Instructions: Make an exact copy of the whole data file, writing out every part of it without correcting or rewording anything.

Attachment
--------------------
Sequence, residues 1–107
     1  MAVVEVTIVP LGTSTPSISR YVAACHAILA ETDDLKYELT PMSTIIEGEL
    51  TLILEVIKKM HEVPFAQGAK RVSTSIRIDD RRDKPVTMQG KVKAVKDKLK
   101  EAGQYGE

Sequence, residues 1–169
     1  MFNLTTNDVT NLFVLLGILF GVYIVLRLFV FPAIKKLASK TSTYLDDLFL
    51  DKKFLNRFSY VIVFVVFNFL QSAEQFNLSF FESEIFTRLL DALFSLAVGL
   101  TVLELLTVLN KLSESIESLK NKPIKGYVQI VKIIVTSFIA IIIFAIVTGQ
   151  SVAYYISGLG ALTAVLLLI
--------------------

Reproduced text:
Sequence, residues 1–107
     1  MAVVEVTIVP LGTSTPSISR YVAACHAILA ETDDLKYELT PMSTIIEGEL
    51  TLILEVIKKM HEVPFAQGAK RVSTSIRIDD RRDKPVTMQG KVKAVKDKLK
   101  EAGQYGE

Sequence, residues 1–169
     1  MFNLTTNDVT NLFVLLGILF GVYIVLRLFV FPAIKKLASK TSTYLDDLFL
    51  DKKFLNRFSY VIVFVVFNFL QSAEQFNLSF FESEIFTRLL DALFSLAVGL
   101  TVLELLTVLN KLSESIESLK NKPIKGYVQI VKIIVTSFIA IIIFAIVTGQ
   151  SVAYYISGLG ALTAVLLLI